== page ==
9. Study of Antioxidant Activity of Juglans regia leaves

    Directory of Open Access Journals (Sweden)

    FARHAD HATAMJAFARI

    2013-06-01

    Full Text Available This study was designed to investigate the antioxidant activity for Juglans regia leaves. The Methanol extract from Iranian Juglans regia leaves that grow in Karaj and Tonekabon regions was examined. In addition, total amount of DPPH (1,1-diphenyl-2-picryl hydrazyl radical scavenging activities and reductive power of crude extracted its different fractions were determined. The antioxidant activity data by DPPH has been compared in both regions.

  10. Enzymatic Modification of Antioxidants Towards Omega-3 Oil Protection

    OpenAIRE

    Yang, Zhiyong

    2011-01-01

    This PhD dissertation entitled “Enzymatic Modification of Antioxidants Towards Omega-3 Oil Protection” is primarily focused on synthesize of novel antioxidant from natural sources for better protection of oxidation-prone omega 3 oil. Selected phenolic acids were conjugated with fatty alcohols in different chain length and triacylglycerol (TAG). Several synthesis strategies were evaluated. Synthesis of lipophilic phenolic fatty alcohols esters were initially conducted in a binary organic solve...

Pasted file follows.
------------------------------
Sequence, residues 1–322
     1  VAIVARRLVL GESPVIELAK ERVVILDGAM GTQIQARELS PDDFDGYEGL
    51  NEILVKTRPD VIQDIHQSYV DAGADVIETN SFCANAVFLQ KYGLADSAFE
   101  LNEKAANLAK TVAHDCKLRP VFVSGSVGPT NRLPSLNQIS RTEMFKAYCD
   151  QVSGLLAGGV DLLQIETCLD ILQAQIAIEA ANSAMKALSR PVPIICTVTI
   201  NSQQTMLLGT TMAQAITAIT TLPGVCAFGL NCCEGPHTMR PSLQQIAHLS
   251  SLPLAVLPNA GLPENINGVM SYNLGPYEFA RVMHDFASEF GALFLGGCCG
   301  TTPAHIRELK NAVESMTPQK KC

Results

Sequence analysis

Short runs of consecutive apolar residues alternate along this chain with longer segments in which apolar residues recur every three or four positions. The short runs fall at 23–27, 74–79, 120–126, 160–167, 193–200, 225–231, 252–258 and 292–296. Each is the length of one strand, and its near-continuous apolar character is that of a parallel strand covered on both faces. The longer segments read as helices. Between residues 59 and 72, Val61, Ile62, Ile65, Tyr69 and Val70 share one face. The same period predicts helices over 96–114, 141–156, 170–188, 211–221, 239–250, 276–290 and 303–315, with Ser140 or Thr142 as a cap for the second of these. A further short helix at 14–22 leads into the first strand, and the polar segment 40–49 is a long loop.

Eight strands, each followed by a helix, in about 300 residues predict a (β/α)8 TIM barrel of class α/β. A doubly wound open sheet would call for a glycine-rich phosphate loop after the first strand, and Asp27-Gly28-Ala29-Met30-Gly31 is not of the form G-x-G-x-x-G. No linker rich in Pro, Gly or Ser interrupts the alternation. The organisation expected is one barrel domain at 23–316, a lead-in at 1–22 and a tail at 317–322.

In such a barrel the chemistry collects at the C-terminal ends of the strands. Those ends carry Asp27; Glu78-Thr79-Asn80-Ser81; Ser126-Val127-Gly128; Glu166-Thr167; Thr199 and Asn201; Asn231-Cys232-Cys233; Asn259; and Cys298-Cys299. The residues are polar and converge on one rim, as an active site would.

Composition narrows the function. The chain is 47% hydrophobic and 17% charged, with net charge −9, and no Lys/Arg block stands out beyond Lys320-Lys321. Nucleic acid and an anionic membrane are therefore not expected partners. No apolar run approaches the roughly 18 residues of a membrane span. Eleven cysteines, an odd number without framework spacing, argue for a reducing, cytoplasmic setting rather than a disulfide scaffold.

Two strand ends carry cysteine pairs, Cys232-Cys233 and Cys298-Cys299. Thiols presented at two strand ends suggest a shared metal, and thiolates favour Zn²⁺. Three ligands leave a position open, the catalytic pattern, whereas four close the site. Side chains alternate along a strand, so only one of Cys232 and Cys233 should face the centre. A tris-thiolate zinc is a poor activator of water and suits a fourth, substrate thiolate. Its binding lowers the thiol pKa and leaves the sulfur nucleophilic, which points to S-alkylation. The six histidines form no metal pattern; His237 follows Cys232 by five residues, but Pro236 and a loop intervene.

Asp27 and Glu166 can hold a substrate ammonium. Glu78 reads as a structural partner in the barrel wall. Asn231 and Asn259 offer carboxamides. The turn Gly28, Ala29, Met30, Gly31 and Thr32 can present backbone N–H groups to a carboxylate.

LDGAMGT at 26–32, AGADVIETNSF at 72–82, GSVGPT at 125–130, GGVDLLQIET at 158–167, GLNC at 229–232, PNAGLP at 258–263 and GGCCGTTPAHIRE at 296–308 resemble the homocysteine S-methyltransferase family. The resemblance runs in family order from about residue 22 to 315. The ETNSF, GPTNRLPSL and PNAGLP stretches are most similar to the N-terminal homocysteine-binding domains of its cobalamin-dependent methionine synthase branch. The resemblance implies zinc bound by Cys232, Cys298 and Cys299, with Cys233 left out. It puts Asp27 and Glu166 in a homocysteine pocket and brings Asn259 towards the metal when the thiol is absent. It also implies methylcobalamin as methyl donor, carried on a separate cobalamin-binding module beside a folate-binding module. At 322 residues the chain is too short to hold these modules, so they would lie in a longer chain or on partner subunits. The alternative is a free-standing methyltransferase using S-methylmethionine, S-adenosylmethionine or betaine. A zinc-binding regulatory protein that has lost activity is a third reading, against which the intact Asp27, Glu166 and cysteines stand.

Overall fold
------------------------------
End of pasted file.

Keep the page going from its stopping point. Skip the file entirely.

11. Nanocarriers for Delivery of Antioxidants on the Skin

    OpenAIRE

    María Pilar Vinardell; Montserrat Mitjans

    2015-01-01

    Skin is protected from the harmful effects of free radicals by the presence of an endogenous antioxidant system. However, when exposed to ultraviolet (UV) radiation, there is an imbalance between pro-oxidants and antioxidants, leading to oxidative stress and photoaging of the skin. It has been described that free radicals and other reactive species can cause severe damage to cells and cell components of the skin, which results in skin aging and cancer. To prevent these actions on skin, the us...